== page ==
Apr. 17, 2005. 10:03 AM
Documents from the Sanofi Pasteur archives help piece together the role of Dr. Leone Farrell in finding the polio cure. From the top: a memo from Jonas Salk; a photo of the bottles and rocking machine Farrell used to produce mass quantities of the virus; an outline of the responsibilities of the members of the Connaught team; and a copy of the polio project budget from Connaught labs.
Toronto's unknown polio soldier
A heroine in an unmarked grave


In the 50 years since the world first rejoiced in the success of Jonas Salk's polio vaccine, the name and famed accomplishments of the renowned American researcher have grown legendary.

Few, on the other hand, know who Leone Farrell is.

Yet there she was, tucked away in a small Toronto laboratory, a quiet, 50-year-old chemist, who, to Salk's utter delight, figured out how to produce the virus in the vast quantities he needed for the field trial of his vaccine.

It became the biggest medical experiment of all time, involving close to two million children, and Farrell was among the teams of American and Canadian scientists who waited in breathless anticipation for the results to be announced on April 12, 1955. That triumphant day, Salk's life changed forever.

But although Farrell's contribution was recognized by her contemporaries, she returned to work in relative obscurity. She continued to publish research papers well into her 60s and lived to the age of 82. But she died alone. Her gravesite in the Park Lawn Cemetery just west of High Park reveals nothing of the key role she played in eradicating polio. Her remains are buried in Lot 707, in an unmarked grave.

Throughout the first half of the 20th century, polio swept North America in epidemic waves, crippling and killing tens of thousands of children. The poliomyelitis virus entered the body through the mouth, invaded the bloodstream and could be carried to the central nervous system, causing paralysis and, in some cases, death.

Epidemics struck in 1931 and again in 1937. In Toronto, children were kept indoors, swimming pools, parks and churches were closed and the start of school delayed.

Stricken families were quarantined. Another epidemic hit in 1946. The worst in the U.S. came in 1952; Canada's worst year was 1953, when 9,000 children were infected.

News reports appeared daily on the horrors of school-aged children suddenly unable to walk. Others died days after contracting the virus. Originally thought to be a children's disease, polio also struck parents, nurses and teachers; many became permanently imprisoned in iron lungs.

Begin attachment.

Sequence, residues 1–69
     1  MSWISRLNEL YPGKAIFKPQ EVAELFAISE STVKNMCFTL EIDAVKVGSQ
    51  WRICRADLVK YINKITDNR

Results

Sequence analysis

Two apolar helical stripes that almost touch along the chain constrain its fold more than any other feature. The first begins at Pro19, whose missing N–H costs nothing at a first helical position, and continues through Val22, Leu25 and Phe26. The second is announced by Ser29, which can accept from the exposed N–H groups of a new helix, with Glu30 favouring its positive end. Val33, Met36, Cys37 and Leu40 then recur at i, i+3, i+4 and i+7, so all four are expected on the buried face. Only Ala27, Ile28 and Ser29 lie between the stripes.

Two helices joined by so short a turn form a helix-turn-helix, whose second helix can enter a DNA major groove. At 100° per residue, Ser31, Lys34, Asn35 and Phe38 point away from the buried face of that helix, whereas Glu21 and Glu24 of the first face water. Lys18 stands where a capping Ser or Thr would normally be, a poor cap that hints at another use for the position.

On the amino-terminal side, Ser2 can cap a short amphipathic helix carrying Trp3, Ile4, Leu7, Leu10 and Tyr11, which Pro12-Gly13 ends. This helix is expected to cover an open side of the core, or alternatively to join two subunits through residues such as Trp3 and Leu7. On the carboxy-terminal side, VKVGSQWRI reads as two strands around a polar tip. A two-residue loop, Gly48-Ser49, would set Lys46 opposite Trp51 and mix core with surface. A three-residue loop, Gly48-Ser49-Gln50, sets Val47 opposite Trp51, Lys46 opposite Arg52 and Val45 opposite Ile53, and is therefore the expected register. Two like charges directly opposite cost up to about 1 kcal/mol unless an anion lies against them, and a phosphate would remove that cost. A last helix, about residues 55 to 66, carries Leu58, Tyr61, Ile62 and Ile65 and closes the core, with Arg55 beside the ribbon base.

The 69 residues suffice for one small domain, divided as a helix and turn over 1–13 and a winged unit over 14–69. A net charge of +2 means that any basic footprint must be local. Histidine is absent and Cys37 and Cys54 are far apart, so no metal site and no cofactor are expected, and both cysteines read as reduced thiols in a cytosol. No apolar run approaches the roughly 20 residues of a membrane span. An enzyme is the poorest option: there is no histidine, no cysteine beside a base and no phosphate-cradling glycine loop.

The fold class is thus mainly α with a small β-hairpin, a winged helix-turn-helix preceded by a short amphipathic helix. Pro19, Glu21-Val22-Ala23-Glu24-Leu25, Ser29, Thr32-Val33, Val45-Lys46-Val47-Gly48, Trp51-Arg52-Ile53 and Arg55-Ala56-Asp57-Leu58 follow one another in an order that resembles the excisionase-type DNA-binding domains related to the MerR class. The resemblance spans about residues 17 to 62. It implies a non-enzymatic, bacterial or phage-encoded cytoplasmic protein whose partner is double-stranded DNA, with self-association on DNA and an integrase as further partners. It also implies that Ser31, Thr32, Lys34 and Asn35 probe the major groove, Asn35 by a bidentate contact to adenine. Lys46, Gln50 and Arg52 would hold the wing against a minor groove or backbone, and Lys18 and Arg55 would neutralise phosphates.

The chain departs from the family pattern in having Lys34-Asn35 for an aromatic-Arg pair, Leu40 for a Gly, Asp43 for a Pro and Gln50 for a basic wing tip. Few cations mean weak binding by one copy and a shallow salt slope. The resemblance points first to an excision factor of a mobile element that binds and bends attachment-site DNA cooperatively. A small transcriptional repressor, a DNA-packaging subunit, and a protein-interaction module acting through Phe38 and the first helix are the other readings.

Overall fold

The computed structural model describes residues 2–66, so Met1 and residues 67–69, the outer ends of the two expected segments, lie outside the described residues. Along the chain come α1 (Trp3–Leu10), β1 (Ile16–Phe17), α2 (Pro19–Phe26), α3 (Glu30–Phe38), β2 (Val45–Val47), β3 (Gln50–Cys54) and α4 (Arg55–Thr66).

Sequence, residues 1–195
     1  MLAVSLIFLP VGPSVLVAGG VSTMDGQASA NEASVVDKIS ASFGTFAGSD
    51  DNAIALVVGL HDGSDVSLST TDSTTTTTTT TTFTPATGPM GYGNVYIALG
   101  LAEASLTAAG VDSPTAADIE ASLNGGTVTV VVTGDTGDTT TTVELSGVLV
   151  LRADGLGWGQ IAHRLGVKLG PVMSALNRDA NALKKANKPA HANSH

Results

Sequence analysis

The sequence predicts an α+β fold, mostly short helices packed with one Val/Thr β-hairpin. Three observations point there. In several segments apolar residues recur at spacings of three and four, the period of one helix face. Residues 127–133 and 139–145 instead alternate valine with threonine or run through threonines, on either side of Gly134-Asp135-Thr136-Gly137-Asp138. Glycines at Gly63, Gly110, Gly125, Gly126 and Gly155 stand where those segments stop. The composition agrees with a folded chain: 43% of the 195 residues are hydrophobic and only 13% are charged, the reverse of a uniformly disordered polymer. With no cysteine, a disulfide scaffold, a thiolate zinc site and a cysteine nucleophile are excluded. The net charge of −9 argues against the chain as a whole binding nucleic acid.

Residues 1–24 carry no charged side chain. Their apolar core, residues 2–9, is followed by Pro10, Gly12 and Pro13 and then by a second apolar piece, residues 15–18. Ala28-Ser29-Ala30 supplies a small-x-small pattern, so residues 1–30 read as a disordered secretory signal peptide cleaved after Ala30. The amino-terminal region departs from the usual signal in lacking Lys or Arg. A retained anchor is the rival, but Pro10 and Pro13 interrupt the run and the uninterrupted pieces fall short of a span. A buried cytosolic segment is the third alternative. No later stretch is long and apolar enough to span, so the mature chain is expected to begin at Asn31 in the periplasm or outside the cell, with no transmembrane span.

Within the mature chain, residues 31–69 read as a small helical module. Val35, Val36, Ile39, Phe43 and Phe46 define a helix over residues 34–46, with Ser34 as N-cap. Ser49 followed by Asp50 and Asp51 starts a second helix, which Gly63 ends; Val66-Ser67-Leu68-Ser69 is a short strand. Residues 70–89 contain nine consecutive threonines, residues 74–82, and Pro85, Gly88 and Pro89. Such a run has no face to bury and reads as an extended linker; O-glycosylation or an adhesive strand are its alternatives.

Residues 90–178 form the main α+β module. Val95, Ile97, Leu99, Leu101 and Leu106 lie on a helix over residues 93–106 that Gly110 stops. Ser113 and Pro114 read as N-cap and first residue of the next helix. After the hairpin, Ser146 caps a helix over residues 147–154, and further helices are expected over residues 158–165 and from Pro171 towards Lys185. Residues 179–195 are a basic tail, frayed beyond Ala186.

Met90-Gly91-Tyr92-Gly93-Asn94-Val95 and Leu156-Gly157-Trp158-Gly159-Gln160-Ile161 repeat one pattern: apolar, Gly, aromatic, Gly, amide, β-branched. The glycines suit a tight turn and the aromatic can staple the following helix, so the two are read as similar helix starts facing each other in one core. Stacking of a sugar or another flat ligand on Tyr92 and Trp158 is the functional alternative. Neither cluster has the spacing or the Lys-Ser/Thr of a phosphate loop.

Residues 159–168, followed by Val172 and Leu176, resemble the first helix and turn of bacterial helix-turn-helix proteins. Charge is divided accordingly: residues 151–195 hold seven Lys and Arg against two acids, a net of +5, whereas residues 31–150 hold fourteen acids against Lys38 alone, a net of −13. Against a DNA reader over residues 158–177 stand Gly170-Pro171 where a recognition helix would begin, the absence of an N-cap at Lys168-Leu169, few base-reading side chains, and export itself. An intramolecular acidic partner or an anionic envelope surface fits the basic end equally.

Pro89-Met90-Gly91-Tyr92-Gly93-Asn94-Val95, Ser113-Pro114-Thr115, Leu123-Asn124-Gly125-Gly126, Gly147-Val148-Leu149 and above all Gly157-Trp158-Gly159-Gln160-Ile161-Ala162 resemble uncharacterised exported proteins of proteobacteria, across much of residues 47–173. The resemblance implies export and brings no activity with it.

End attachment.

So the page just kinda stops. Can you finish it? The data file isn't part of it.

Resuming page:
During the 1930s and 1940s, polio researchers throughout the world were on the hunt for a cure. Small breakthroughs were achieved in understanding the virus, but they were often countered by frustrating setbacks, cost being one.

In 1949, Harvard researchers discovered a way to grow the poliovirus in a test tube. Suddenly, the scientific community was in a race to create a vaccine.

Salk made his discovery in 1952, as the worst epidemic yet gripped the United States. While conducting tests in his University of Pittsburgh laboratory, the bespectacled scientist came up with an experimental vaccine containing "killed," or inactivated virus, which could trigger a person's blood to build immunity. His team proved it worked with months and months of tests in monkeys, and later in a small group of volunteers.

Salk now faced another challenge: how to mass-produce the polio virus in order to treat the millions clamouring for it.

North of the border, Connaught Medical Research Laboratories, owned by the University of Toronto, had been conducting its own polio research since the late 1930s. Research was briefly interrupted by the Second World War but resumed before the war ended. According to Canadian medical historian Christopher Rutty, Connaught's reputation as a true academic research centre put scientists like Leone Farrell in a unique position to play a major role in what unfolded over the coming decade.

Unlike the pharmaceutical companies to the south, Connaught's interest lay squarely in scientific research, vaccine production and public health teaching.

"It didn't have to answer to shareholders, it didn't have that corporate thinking and it didn't have competitors. It was really the only one of its kind in Canada," says Rutty, whose doctoral thesis on polio will soon be published in a book titled The Middle Class Plague.

`What greater

accolade can you

get than knowing

you helped save

thousands of kids

from becoming paralyzed'

For that reason, the U.S. National Foundation for Infantile Paralysis, or March of Dimes — founded by then-president Franklin D. Roosevelt, himself crippled by the disease — had been quietly pouring money into Connaught's polio research. By the late 1940s, the company had set up its own special polio team led by British virologist Dr. Andrew J. Rhodes.